With attractive Scottish Rural Development Programme (SRDP) grant subsidies for tree planting and government targets for new tree cover in Scotland, new woodlands are appearing across the countryside.
But there is growing concern amongst many in the farming community about excessive loss of farming land to trees. However, the two do not have to be mutually exclusive as trees can be planted as a beneficial part of farm management. It is all about getting the right kind of tree in the right place.
Small scale native tree planting can provide a range of benefits including creating valuable shelter to stock, providing timber and fuel wood, improving water quality and bank stability, and improving biodiversity.
Borders Forest Trust, a native woodland conservation based in the Scottish Borders, has been working with local farmers for 15 years to develop native woodland planting schemes. The Trust currently has the opportunity to assist seven farmers in the preparation of native woodland planting proposals to SRDP for free.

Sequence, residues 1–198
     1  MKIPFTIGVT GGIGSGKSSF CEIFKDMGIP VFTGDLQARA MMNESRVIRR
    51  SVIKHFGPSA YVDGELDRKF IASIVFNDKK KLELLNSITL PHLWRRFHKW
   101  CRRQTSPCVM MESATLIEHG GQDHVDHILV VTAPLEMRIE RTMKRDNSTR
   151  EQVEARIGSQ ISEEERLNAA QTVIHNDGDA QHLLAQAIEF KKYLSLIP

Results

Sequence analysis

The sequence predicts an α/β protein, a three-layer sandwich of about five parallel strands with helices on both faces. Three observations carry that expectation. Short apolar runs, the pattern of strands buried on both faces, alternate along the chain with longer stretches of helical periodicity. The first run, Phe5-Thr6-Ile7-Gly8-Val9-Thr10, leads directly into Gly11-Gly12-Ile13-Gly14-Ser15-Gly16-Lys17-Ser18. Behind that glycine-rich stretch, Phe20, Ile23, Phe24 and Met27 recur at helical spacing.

To be eligible farms must be located in the Gala, Jed, Ettrick and Yarrow, Upper Tweed, Whiteadder catchments and Berwickshire coast of the Scottish Borders.
If you are interested and would like to find out more contact Tim Frost, at firstname.lastname@example.org or by phone on 01835 830750 before August 26.
This project is being part-financed by the Scottish Government and the European Community Scottish Borders Leader 2007–2013 Programme with Scottish Natural Heritage.